Do you know your vin primeur from your vin nouveau?
In the complex world of wine, Beaujolais Nouveau is all about popping the cork on its vin primeur, aka vin nouveau on the third Thursday of every November. Yet whilst these two terms are often used interchangeably in wine speak, primeur and nouveau do not mean the exact same thing. Moreover, Beaujolais is not the only wine region where delicious nouveau wines may be found. Feeling a little overwhelmed? Here’s a crash course in all things vin primeur and vin nouveau — and everything you need to know.
What is a vin primeur?
Both primeur and nouveau refer to juice from a very recent harvest. These nectars are young. The distinction is really a matter of regulation and language. To be described as a vin primeur, a wine has to be bottled before the spring of the following year. Most of the time this means that it will be bottled shortly after the harvest.
More importantly, primeur refers to a wine from an AOC wine region, like Beaujolais or Beaujolais-Villages. But there are other AOC regions, and many of them also have a provision for vin primeur. In Touraine, for example, the third Thursday in November is marked by the emergence of another fruity nectar born from the most recent harvest. For years, the arrival of the annual Touraine Primeur has been accompanied by a wide variety of celebrations.
However, it is important to avoid confusion with Bordeaux wines that are sold “en primeur” in the early spring. A tradition that has given rise to another meaning for “vin primeur.” The wines from Bordeaux vineyards, which are tasted by experts during this period, do not reach the market for at least another two years.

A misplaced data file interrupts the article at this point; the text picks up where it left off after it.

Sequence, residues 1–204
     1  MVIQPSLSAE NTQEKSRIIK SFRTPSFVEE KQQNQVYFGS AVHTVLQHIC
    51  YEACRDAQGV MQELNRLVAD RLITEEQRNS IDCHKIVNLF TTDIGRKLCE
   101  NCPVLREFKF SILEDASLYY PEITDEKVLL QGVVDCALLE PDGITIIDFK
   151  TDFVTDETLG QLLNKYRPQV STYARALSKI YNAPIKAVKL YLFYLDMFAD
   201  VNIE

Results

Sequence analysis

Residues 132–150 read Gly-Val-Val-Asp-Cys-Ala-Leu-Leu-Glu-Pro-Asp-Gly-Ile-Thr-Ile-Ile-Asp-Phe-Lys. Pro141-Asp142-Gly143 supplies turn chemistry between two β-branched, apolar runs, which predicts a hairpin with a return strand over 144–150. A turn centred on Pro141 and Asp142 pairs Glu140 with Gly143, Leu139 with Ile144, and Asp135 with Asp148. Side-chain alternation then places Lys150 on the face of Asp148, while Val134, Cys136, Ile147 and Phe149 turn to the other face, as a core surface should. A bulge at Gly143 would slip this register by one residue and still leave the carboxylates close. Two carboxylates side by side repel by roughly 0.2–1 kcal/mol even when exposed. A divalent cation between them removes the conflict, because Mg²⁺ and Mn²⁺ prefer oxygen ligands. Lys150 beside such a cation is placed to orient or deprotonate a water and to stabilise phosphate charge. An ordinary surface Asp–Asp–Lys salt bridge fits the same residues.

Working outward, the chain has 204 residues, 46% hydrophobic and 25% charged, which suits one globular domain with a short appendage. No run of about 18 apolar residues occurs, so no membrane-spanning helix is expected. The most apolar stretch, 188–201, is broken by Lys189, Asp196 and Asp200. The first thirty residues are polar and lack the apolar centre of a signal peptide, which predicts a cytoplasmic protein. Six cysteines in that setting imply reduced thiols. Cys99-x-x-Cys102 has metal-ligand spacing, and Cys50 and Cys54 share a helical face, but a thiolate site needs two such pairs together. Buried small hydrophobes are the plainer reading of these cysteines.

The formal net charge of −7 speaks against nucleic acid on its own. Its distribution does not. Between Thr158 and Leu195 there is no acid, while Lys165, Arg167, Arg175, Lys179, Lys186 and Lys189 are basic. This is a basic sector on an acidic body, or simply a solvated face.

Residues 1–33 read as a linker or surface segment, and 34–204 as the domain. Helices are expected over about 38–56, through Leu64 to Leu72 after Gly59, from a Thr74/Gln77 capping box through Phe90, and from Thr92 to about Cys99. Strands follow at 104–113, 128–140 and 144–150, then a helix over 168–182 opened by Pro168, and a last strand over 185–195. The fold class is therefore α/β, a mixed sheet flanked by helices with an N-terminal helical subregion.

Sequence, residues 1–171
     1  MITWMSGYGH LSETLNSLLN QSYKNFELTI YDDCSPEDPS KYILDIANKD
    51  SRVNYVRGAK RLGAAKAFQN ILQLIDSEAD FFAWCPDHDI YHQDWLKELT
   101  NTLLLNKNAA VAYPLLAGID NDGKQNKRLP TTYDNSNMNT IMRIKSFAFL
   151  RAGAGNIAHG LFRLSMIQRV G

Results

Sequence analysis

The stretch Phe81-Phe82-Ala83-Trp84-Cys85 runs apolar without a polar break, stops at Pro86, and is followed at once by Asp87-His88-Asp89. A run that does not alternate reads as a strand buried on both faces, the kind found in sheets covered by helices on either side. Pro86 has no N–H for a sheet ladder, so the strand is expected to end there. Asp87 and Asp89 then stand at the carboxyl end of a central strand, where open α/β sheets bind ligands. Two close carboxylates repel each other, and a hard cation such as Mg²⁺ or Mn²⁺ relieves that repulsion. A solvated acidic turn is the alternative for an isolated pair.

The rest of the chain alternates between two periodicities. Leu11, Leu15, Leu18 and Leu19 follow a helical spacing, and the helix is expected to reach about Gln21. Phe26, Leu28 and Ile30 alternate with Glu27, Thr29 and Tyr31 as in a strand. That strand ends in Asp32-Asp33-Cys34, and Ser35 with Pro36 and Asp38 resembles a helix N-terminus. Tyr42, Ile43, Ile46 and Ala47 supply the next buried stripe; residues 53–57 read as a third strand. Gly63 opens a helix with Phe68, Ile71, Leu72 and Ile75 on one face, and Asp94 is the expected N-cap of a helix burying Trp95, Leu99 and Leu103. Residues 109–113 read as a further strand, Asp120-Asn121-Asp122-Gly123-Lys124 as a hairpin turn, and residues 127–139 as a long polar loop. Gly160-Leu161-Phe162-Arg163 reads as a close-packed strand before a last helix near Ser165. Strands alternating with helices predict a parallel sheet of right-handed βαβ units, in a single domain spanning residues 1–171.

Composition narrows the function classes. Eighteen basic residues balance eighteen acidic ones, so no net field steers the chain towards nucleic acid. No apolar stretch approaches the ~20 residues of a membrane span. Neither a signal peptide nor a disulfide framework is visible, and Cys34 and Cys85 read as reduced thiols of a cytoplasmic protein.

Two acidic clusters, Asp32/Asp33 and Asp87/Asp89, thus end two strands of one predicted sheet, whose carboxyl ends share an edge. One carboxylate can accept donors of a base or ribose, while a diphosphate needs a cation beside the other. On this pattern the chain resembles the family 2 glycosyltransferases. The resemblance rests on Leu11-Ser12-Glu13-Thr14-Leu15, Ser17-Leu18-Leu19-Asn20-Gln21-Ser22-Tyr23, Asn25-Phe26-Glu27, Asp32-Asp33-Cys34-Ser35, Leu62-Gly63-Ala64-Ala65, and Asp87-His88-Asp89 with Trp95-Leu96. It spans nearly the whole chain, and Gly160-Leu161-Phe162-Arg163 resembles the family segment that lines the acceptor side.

And the difference between vin primeur and nouveaux wine?
Like Beaujolais Nouveau which distributes a new nectar just a few weeks after the annual harvest, nouveaux wines should be drunk as soon as possible. However, a quick look at the label is all you need to understand the difference: these are Indication géographique protégée or IGP wines, what used to be called “vin de pays,” as is the case with Gaillac nouveaux wines, or those produced in Aude or Ardèche.
These young nectars are hardly ever mentioned in the press, and certainly do not benefit from communication campaigns on the scale of those that accompany Beaujolais Nouveau. However, impatient wine lovers who are eager to savor the flavors of freshly harvested juice should know that they only have to wait until the third Thursday of October to taste the earliest nouveaux wines. And if they are willing to taste wines that are not IGP simple table wines that are labeled “vin de France,” these can be obtained even earlier just after their vinification.
What do they have in common with Beaujolais Nouveau?
Given that they are bottled within a few weeks of the harvest, Beaujolais Nouveau and other nouveau wines are made with a very short maceration. The result is often a very fruity aromatic palette. They resemble wines made by friends to be drunk by friends with an identity that is often closely associated with gamay, the leading Beaujolais varietal. Moreover, both primeur and nouveau wines are always first sold on the third Thursday of a given month, an obligation imposed by French regulations. They both must be labeled “primeur” or “nouveau” whether the wine is launched in October or November, which is confusing for many consumers… Finally, both can either be red or rosé, as is the case with Beaujolais.
This article is published via AFP Relaxnews.